The oral health literacy (OHL) of caregivers is associated with the oral health status of their chil- dren.23-25 Thus, it is critical for pregnant women to have the OHL necessary to practice health pro- moting behaviors to prevent oral diseases in their children. Women primarily receive oral health in- formation and guidance from their dental provider, but many low-income women do not see a dentist during pregnancy.11,26 Consequently, they neither receive treatment that can decrease the level of caries-causing bacteria in their mouth nor the edu- cation and counseling that can improve their own oral health and prevent caries in their child.2,3,27 Health education can dispel myths that dental care is unsafe during pregnancy.27 Also, it can help women understand the importance and practice of recommended oral health behaviors that reduce the risk of transmitting caries-causing bacteria from mother to child.28 When mothers practice caries preventive behaviors, their child’s risk for develop- ing ECC is decreased.2,3,9,27,28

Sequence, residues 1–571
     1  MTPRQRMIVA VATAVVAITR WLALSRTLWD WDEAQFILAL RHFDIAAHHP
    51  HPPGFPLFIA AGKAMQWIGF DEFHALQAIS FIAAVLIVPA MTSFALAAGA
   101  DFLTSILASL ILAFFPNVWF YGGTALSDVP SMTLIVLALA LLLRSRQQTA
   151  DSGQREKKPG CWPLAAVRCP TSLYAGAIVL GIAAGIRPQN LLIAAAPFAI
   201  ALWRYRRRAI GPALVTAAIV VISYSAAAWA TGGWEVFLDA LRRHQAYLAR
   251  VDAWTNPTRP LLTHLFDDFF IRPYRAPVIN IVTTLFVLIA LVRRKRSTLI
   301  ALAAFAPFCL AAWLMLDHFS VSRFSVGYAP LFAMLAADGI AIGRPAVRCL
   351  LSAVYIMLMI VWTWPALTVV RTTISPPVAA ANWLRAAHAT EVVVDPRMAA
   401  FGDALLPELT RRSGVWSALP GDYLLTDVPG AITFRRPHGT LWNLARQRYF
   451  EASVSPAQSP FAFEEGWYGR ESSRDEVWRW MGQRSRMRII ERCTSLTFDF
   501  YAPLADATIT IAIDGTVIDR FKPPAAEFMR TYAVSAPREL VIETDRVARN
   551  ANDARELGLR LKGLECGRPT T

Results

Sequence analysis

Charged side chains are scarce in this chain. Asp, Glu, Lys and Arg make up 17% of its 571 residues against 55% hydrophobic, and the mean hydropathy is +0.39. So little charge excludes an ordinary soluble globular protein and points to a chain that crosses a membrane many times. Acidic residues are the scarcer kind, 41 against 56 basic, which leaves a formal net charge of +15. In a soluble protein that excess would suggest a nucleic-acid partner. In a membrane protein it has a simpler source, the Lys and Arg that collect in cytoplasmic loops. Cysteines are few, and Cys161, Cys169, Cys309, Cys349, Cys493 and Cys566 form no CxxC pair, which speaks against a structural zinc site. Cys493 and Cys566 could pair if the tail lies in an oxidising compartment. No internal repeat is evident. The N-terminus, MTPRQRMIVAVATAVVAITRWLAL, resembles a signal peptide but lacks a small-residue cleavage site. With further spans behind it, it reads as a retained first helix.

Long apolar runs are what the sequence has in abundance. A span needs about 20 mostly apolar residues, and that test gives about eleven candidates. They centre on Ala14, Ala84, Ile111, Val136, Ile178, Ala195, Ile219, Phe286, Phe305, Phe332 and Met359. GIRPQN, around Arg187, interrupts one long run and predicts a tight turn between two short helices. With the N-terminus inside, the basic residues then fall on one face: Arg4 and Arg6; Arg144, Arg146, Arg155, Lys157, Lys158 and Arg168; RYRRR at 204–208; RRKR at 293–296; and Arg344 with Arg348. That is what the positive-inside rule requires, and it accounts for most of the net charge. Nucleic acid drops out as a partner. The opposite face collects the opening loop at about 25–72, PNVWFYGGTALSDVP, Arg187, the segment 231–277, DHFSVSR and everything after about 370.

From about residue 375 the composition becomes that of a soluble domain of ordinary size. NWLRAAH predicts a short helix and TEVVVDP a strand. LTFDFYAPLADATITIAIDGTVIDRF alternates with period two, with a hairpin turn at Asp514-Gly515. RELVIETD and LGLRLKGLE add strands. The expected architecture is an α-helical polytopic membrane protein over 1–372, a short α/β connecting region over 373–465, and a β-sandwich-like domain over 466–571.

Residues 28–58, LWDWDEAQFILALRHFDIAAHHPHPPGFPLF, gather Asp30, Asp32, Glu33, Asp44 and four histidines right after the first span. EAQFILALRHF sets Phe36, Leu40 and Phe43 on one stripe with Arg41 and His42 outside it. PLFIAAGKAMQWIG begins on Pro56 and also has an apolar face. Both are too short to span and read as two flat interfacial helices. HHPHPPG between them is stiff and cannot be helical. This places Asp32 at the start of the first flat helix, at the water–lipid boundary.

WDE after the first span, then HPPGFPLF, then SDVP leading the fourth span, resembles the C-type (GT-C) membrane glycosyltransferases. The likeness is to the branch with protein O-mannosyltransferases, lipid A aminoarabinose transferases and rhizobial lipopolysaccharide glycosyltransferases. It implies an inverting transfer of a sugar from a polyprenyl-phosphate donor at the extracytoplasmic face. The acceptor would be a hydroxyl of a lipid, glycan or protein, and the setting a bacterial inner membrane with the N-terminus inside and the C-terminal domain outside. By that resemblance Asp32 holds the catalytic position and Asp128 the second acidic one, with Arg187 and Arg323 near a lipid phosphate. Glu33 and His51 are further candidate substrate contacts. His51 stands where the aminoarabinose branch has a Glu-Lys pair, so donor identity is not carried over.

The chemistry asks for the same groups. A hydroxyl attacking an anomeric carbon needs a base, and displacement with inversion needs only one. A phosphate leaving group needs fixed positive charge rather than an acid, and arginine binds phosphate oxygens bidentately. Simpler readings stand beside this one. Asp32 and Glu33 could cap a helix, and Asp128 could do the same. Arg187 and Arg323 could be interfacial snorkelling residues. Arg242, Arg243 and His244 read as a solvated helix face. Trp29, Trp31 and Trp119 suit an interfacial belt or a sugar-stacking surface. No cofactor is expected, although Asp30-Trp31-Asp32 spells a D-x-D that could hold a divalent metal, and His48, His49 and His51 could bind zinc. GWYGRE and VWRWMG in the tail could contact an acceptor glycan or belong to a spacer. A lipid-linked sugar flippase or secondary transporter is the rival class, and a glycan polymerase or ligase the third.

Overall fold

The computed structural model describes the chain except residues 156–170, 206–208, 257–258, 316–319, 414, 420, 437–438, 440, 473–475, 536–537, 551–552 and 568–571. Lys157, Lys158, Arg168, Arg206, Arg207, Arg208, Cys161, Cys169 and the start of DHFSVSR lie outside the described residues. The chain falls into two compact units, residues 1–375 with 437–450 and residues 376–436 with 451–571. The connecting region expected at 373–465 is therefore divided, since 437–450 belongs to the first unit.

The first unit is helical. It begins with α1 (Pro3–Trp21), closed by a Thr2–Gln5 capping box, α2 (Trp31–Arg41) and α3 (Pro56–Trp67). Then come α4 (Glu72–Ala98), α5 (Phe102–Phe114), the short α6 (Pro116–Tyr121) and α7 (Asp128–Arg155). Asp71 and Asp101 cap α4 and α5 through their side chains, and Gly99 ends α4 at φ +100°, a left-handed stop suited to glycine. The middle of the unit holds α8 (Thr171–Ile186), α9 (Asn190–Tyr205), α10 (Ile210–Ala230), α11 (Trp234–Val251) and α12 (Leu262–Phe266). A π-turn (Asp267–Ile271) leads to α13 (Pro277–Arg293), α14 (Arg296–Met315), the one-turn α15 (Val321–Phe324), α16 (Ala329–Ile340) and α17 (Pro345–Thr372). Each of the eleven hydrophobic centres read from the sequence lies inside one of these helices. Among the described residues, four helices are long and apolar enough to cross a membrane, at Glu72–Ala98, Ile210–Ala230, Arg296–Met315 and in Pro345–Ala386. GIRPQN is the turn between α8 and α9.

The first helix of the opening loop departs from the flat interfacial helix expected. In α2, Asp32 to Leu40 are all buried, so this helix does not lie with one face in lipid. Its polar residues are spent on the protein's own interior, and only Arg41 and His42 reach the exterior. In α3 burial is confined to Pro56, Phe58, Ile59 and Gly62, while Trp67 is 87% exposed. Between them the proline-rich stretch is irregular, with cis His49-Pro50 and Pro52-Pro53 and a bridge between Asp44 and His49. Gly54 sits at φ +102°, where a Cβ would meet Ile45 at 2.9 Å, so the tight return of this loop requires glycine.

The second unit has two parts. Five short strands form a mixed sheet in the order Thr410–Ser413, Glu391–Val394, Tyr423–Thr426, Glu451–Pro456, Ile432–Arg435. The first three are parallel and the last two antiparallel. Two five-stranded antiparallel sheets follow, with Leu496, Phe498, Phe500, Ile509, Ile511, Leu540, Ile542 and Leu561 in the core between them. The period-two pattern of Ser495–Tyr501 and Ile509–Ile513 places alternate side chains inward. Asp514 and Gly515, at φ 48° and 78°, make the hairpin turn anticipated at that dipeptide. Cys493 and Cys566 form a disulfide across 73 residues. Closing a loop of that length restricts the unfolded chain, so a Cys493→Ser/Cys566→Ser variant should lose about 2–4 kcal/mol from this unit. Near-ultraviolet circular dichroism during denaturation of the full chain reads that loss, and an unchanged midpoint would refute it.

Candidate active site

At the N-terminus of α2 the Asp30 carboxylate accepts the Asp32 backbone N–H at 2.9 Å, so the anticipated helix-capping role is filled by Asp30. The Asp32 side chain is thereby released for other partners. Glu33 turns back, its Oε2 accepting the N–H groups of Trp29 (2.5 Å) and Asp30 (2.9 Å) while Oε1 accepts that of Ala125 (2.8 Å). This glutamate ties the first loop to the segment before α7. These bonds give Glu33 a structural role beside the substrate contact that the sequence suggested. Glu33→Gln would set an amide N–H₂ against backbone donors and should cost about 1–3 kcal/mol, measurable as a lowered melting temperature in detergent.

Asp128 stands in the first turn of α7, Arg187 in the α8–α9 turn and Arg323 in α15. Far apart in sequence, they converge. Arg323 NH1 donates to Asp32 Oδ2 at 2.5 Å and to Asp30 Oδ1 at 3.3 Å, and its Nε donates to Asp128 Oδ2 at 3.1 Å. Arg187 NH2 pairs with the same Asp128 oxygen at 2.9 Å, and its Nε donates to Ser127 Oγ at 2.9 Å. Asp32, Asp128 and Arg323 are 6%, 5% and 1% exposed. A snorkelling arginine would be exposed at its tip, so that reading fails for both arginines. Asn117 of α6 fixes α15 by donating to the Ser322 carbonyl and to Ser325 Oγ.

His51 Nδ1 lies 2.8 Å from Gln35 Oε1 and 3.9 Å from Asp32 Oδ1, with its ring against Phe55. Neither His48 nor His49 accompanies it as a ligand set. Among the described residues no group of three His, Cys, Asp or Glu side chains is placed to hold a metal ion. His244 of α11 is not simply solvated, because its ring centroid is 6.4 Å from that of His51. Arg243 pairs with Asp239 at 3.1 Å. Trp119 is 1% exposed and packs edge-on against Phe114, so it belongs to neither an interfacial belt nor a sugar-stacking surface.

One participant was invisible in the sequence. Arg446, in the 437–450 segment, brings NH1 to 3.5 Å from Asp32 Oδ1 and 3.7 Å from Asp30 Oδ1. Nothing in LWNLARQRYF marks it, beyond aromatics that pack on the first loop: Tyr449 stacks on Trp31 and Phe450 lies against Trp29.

Low OHL is a public health concern because those with low OHL are more likely to have low rates of dental insurance, lack a usual source of care, report difficulty in finding a healthcare provider, miss dental appointments, and have poorer health outcomes compared to persons with higher levels of OHL.23-25,29,30 Similarly, lower levels of health lit- eracy make it difficult to navigate the health system to access information and care.29 Caregivers with low OHL are more likely to engage in practices that increase their child’s risk for developing ECC.10,11,31 These behaviors include putting their child in bed